foodservice sustainability

5 tips for capturing customers hungry for sustainability

The consumer appetite for restaurant sustainability just keeps growing, and is now to the point where eight out of ten people want their favorite bar or bistro to operate on a sustainable basis. This expectation is particularly strong among Millennials and Gen Z consumers, making the issue a key factor in the future of foodservice. So, how exactly can you serve up a restaurant experience that satisfies your eco-conscious customers, but also fits your bottom line needs?

Take five simple steps toward a more sustainable restaurant

The task can seem a daunting addition to any restauranteur’s already considerable “to do” list. Fortunately, a new report, “Reach for the Stars: How to make your restaurant more sustainable” spells out five practical ways virtually any foodservice operation can help sustain both the environment and its own business.

1. Change to sustainable alternatives
The simplest place to start is with your purchasing. Consider a switch to packaging and paper items that are not only eco-friendly but also have the third-party certifications, and labeling, to prove it.

Beyond the consumer-facing consumables like paper goods, invest in smarter products that generate less waste or consume less energy. For instance sourcing from local growers can reduce the need for packaging and the Co2 emissions associated with long-distance transport. And replacing those standard light bulbs with the latest generation of energy-saving, soft-light LEDs can cut down electricity consumption and costs.

2. Invest in recycling stations
Install recycling stations in the front and back of the house, to make it easy for customers and staff to use them. Rather than hide these stations away, draw attention to them, brand them – make them fun if your brand is fun, stylish if you have a stylish image. The point is to make them both accessible and noticeable, so you get credit from your customers for your consciousness.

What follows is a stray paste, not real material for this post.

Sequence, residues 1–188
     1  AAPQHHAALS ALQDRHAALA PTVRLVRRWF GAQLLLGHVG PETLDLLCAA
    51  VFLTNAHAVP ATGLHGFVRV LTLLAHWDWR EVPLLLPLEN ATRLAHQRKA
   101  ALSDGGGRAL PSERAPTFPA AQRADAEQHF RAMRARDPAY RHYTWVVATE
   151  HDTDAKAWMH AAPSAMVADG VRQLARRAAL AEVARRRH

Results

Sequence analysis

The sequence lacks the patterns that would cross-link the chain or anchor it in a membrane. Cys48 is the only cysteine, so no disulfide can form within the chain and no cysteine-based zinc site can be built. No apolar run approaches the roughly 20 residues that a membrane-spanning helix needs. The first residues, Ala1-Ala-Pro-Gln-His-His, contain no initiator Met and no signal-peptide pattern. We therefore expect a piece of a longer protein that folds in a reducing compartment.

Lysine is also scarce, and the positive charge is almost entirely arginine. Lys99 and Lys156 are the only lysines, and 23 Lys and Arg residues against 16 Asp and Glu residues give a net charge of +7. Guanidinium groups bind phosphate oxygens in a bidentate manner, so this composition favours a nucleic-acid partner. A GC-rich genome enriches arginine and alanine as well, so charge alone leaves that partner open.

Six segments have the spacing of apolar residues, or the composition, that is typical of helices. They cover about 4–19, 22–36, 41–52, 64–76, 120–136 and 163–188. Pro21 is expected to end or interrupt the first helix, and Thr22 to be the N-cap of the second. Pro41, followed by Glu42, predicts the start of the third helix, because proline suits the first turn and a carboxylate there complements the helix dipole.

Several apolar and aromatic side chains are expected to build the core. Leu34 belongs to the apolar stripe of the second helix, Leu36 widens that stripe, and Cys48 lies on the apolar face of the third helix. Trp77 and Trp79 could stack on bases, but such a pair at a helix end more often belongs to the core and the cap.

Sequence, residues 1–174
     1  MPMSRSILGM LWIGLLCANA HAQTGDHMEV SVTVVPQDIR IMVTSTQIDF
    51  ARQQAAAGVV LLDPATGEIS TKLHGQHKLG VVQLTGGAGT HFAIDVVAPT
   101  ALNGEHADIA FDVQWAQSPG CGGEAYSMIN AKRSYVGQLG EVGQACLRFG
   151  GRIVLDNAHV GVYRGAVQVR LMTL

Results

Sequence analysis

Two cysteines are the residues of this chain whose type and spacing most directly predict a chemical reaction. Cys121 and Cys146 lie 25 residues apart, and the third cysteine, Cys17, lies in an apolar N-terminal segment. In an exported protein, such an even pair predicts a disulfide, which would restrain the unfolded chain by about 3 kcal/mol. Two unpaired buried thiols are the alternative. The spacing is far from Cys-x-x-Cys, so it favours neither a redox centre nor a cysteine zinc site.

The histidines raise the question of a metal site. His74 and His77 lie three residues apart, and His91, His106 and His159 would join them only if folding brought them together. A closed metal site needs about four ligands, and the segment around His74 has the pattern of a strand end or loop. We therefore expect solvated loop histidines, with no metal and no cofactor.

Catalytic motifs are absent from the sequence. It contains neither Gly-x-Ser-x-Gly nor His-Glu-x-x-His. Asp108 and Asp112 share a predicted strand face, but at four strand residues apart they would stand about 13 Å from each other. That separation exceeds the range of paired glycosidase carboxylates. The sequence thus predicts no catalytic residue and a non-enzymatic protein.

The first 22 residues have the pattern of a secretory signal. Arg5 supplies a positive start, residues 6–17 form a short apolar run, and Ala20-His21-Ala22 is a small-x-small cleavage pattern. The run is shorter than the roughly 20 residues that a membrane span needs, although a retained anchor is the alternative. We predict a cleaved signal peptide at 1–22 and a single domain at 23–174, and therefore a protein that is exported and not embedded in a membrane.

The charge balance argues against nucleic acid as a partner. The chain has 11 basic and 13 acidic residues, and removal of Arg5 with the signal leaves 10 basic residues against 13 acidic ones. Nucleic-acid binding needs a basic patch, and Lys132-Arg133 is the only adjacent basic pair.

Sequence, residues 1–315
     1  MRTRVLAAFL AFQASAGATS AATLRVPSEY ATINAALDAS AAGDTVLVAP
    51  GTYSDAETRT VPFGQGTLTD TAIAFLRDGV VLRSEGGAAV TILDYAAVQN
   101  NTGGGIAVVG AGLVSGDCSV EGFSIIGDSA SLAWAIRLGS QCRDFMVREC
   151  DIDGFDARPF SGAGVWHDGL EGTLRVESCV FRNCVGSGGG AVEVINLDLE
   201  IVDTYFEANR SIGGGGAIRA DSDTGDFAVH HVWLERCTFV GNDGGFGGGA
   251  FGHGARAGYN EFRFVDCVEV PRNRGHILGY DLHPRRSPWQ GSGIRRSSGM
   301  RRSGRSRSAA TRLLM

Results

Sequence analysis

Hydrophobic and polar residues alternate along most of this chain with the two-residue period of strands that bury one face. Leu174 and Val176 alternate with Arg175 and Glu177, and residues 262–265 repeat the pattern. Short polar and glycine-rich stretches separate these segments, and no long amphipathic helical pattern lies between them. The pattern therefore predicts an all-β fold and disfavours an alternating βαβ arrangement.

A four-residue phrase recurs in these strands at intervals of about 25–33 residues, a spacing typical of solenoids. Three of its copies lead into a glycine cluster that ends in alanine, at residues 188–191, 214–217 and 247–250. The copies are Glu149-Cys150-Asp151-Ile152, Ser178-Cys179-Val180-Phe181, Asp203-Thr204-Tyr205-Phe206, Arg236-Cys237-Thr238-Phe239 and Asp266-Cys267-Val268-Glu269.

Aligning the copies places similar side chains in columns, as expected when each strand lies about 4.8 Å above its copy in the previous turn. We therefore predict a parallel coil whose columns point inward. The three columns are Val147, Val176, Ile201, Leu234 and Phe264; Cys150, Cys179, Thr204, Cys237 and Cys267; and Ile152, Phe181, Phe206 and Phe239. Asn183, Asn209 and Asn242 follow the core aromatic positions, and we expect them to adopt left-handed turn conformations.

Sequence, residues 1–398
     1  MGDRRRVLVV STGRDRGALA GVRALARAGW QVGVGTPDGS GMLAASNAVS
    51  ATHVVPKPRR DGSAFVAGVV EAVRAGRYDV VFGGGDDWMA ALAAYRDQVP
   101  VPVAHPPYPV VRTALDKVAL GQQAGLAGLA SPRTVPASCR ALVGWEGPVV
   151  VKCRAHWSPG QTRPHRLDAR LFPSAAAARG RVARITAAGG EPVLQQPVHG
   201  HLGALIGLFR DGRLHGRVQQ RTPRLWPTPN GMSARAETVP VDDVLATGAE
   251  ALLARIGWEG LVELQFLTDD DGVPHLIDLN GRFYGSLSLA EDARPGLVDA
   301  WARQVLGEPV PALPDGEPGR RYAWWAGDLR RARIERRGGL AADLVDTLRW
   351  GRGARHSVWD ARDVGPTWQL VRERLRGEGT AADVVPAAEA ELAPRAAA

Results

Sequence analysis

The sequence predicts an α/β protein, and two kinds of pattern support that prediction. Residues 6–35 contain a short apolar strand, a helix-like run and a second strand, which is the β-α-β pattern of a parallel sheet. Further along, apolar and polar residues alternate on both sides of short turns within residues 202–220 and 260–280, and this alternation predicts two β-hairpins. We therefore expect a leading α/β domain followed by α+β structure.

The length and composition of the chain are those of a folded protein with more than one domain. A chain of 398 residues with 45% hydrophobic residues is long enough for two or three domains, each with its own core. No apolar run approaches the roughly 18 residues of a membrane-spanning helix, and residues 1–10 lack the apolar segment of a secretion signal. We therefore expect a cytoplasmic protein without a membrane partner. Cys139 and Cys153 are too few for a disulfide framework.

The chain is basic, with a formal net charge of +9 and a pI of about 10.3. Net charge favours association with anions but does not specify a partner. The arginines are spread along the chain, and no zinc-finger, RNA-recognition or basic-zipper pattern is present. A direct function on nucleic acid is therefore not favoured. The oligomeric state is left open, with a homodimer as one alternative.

3. Phase out single-use
Single use items really are the last straw for consumers, 58% of whom already avoid single-use plastic items (and 74% find them off-putting). You can prevent waste, and save money, by encouraging people to bring their own metal straws, reusable to-go cups and even take-out bags. Consider incentivizing them to do so by providing branded reusable items, free or as a promotional offer with a purchase.

4. Train your staff in sustainability practices
From onboarding new staff to ongoing training and internal communications, you need to keep your people informed about your sustainability goals and procedures. Show them how to talk about sustainability with customers, so that they’ll know how to participate and better appreciate your efforts, many of which will go unseen.

5. Make it easy to use less
It’s important to keep your sustainability plan simple, easy to understand and even easier to execute. Use customer education and product innovation to take the burden off your staff – such as with one-at-a-time napkin dispensers that are proven to reduce consumption by at least 25%**.

Restaurants around the world are already getting out ahead of this consumer-driven trend. Just Salad, in the United States, sells a reusable bowl for a dollar, which then entitles customers to free toppings with each visit. In Spain, the vegan restaurant 2Y uses cutlery made from corn starch, and recycled bags and boxes made from sugarcane pulp. And in London, the fast-casual chain LEON has installed “reverse vending machines,” which reward customers with a money-off voucher when they recycle their plastic bottles and aluminum cans.

As one more sign of these changing times, Yelp! is now including restaurant sustainability ratings – which means that while today’s restaurant customers like sustainability, tomorrows won’t accept anything less. Are you doing enough to sustain your business?

** When compared to traditional napkin dispensers

Tork: “Reach for the Stars” Report
Nielsen: The evolution of the sustainability mindset